Cullinan excited to start ag education program at NPHS
Kathleen Cullinan has cultivated the soil and planted the seeds for the new North Platte Public Schools agriculture education program that begins this school year.
A graduate of North Platte High School, Cullinan has a bachelor’s degree in animal science from Oklahoma State University and has been hired to build the ag program for the district.
“I actually swore off teaching,” Cullinan said. “I said, I will never, ever be a teacher.”
She said when she graduated, she didn’t know what she was going to do with her life.
“I knew I wanted to work somewhere in the ag industry, but didn’t know where,” Cullinan said.
Then Matt Kreifels reached out to Cullinan. He is associate professor of practice in the Agricultural Leadership, Education and Communication program and state director of agricultural education for the Nebraska Department of Education.
“He said Kearney High School needs a second ag teacher,” Cullinan said. “‘Would you ever be interested in going down that path?’ I said, ‘I don’t know, I really never have considered being a teacher.’”
Shortly afterward, the principal at Kearney High reached out to her.
“He said, ‘I heard you’re not working, you really should apply,’” Cullinan said. “So I had these two people kind of knocking down my door, like maybe that’s a sign that I should apply for this job.”
She took the job and helped start the ag program at Kearney along with Macie Wippel.
“Coming here it’s just a totally different experience because I graduated from here,” Cullinan said. “This is a program I would have died to have myself, so to be able to start it is very unique and I’m excited.”
Cullinan said there is a lot of support from the community, and she thinks the program will be successful.
“We’re going to have a lot of kids going through Intro to Ag this first year, because they have to take that course before they can take any other ag courses,” Cullinan said. “I had 105 students sign up for Intro to Ag, so that’s really exciting.”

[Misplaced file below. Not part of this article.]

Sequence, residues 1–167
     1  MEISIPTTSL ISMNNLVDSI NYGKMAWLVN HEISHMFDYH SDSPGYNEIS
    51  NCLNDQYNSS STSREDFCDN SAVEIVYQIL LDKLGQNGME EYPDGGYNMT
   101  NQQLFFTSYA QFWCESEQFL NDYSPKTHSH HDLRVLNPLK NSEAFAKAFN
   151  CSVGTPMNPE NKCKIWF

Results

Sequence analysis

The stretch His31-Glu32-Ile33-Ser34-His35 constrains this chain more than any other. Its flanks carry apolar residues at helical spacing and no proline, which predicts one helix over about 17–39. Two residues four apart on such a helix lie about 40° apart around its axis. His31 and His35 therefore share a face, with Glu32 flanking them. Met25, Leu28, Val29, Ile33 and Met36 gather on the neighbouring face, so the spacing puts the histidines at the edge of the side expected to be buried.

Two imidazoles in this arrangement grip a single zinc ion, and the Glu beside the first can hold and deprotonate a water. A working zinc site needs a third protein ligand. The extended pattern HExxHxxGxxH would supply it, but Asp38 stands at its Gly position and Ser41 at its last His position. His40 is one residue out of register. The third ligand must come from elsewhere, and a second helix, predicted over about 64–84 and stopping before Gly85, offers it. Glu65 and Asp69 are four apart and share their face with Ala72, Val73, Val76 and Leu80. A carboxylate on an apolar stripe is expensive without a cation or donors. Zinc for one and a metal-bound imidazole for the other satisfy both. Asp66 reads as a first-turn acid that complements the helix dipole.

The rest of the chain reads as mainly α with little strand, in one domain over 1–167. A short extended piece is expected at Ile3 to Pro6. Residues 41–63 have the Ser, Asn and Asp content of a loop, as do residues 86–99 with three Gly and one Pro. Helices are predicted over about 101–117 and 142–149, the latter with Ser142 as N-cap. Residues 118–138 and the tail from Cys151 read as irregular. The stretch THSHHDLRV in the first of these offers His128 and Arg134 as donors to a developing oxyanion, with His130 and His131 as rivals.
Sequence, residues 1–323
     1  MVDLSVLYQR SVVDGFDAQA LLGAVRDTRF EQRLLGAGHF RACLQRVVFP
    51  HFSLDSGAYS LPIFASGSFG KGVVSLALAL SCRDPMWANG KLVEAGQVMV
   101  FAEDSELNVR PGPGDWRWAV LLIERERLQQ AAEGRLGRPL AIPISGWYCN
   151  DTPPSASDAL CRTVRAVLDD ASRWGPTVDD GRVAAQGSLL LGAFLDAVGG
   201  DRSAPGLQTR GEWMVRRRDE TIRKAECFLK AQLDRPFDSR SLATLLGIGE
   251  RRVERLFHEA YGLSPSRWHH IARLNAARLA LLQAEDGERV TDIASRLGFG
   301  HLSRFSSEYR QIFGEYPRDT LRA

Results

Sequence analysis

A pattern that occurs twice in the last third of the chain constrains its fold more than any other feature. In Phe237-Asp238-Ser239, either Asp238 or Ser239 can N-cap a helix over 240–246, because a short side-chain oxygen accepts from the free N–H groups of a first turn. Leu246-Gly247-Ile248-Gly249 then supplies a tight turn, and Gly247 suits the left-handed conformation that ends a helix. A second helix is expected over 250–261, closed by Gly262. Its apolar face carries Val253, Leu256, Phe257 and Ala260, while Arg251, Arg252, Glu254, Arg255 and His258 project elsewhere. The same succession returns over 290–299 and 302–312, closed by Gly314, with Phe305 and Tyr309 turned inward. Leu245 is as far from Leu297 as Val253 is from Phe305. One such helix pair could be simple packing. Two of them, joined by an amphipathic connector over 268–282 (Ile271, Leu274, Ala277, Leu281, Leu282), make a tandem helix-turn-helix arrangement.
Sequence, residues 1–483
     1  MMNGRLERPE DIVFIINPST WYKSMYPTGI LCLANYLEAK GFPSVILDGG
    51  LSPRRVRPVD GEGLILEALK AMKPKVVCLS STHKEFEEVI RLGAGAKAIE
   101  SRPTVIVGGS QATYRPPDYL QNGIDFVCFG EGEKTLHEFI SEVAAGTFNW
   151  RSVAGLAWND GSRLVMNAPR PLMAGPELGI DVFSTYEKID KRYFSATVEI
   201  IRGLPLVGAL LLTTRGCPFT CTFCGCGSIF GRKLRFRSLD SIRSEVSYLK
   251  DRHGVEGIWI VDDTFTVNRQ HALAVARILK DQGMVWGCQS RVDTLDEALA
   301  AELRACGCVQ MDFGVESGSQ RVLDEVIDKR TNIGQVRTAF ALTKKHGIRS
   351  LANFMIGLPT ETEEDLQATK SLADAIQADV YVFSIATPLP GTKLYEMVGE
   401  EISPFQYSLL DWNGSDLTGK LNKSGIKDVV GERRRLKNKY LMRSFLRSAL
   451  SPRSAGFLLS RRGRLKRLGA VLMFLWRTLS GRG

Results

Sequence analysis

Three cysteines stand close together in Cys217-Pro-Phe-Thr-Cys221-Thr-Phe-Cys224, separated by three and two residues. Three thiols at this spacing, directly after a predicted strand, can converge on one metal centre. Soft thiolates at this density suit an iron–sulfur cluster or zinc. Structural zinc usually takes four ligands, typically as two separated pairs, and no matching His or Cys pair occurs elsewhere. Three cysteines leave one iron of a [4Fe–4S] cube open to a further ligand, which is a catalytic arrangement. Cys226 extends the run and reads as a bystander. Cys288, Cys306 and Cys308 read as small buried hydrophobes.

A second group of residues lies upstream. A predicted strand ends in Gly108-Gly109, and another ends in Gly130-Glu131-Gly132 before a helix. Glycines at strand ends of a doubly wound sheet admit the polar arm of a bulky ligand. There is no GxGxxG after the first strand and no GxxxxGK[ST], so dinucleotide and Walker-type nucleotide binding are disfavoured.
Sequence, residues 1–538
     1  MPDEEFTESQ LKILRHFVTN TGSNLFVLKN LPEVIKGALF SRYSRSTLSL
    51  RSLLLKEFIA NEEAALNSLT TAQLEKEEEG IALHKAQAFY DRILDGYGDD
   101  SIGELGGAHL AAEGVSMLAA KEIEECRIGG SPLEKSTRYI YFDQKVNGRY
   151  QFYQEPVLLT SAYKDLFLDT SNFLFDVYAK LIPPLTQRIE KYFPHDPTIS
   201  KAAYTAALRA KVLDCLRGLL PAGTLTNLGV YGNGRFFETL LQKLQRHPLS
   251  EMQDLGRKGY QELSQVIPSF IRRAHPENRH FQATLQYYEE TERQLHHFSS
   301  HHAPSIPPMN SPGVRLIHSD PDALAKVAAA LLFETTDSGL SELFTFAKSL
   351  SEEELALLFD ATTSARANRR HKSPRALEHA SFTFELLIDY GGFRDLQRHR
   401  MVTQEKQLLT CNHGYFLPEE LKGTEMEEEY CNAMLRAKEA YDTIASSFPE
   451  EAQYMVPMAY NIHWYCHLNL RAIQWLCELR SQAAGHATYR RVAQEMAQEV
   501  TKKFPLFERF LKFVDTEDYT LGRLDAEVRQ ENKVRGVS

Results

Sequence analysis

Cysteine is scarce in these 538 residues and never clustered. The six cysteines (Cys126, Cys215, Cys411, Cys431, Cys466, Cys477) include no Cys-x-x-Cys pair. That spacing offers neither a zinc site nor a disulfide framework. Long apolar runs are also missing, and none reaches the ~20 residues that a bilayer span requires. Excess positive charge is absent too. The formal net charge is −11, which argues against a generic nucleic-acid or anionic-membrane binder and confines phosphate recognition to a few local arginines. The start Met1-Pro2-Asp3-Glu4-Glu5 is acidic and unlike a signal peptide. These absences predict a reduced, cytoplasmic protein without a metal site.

She said the class will take up four sections.
“So we’ll have three Intro to Ag sections first semester and the fourth section being my planning period,” Cullinan said. “Then second semester I’ll have an additional Intro to Ag and a section of animal science and a section of ag welding.”
In the Intro to Ag class, Cullinan said, she will cover a broad overview.
“I’ll cover plant science, animal science, ag business, power structure, technical systems, food science, so you kind of cover all of the ag industries in the class,” Cullinan said.
NPPS recently had several new lab tables built that will be used for various activities.
In the past, she has done lab activities such as flower dissection and chicken wing dissection “to look at muscular structure and vein structure,” Cullinan said. “I did a full rabbit dissection in a veterinary clinic class.”
She said there are a lot of science applications.
“Another thing I’ll be using a lot of is Vernier LabQuest equipment,” Cullinan said. “They are basically these interfaces, they look like a mini-iPad, and you can plug in three different probes at once.”
The probes she has available to her class are a pH testing probe, a moisture testing probe, a light sensor, and oxygen and carbon dioxide detectors.
“So what we can do with those sensors, especially in plant science, we can determine what the best growth environment can be for a certain plant depending on what the requirements are,” Cullinan said. “You can test the soil and maybe the pH is too high, so you can adjust it as necessary.”
Cullinan said agriculture education tries to be as real world as possible, “which I think is unique.”
“It’s not do a math problem just to do it,” she said, “it’s like why are we doing this math problem; we’re trying to figure out spacing requirements for something.”
She said curriculum for ag education is limited, but she had the opportunity to attend a CASE conference this summer.
“Most of the time it’s us making (the curriculum) on our own,” Cullinan said. “What CASE does is provide curriculum for various classes you can teach in ag.”
Because her background is heavy in animal science, she wanted to attend the CASE Institute program that focused on the plant industry.
“I got this huge binder that is full of lessons for plant science, and that will be really nice,” Cullinan said. “I was able to go to that program through the Nebraska FFA Foundation. They received scholarship money from the Nebraska Soybean Board and DuPont Pioneer.”
Another aspect of stirring interest in ag, Cullinan said, is to build the Future Farmers of America program.
“In the spring, I had a couple of state (FFA) officers come down and they went with me to Adams Middle School and we talked to the entire eighth grade,” Cullinan said. “During that time we filled them in on what FFA and ag education was all about and what they could get involved in and all that.”